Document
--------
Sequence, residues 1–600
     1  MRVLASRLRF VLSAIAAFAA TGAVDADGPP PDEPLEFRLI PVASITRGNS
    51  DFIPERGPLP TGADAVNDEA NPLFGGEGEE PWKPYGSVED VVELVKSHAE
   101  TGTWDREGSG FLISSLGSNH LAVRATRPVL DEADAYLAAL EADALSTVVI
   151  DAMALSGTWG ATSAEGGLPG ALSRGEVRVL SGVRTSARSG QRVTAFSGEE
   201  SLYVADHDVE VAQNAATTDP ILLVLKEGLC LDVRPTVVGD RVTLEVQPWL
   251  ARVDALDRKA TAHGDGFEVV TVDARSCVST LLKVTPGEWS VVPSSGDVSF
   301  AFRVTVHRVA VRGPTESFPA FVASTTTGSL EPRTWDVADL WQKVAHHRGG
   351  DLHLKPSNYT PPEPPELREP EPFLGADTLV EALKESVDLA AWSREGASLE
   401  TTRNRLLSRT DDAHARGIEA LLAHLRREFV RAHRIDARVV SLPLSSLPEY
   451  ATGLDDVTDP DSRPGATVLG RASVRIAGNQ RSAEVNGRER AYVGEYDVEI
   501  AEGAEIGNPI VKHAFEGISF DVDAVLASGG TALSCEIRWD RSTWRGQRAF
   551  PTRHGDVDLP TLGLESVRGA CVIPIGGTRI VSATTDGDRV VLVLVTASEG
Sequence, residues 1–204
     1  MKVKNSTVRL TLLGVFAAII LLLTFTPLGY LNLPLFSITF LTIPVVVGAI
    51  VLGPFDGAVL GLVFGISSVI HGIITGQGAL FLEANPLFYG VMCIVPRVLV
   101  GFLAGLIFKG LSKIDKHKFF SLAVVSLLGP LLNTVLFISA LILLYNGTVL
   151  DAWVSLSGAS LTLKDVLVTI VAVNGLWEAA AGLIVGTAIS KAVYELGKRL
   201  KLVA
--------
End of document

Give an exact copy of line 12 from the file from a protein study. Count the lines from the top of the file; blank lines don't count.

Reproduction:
   501  AEGAEIGNPI VKHAFEGISF DVDAVLASGG TALSCEIRWD RSTWRGQRAF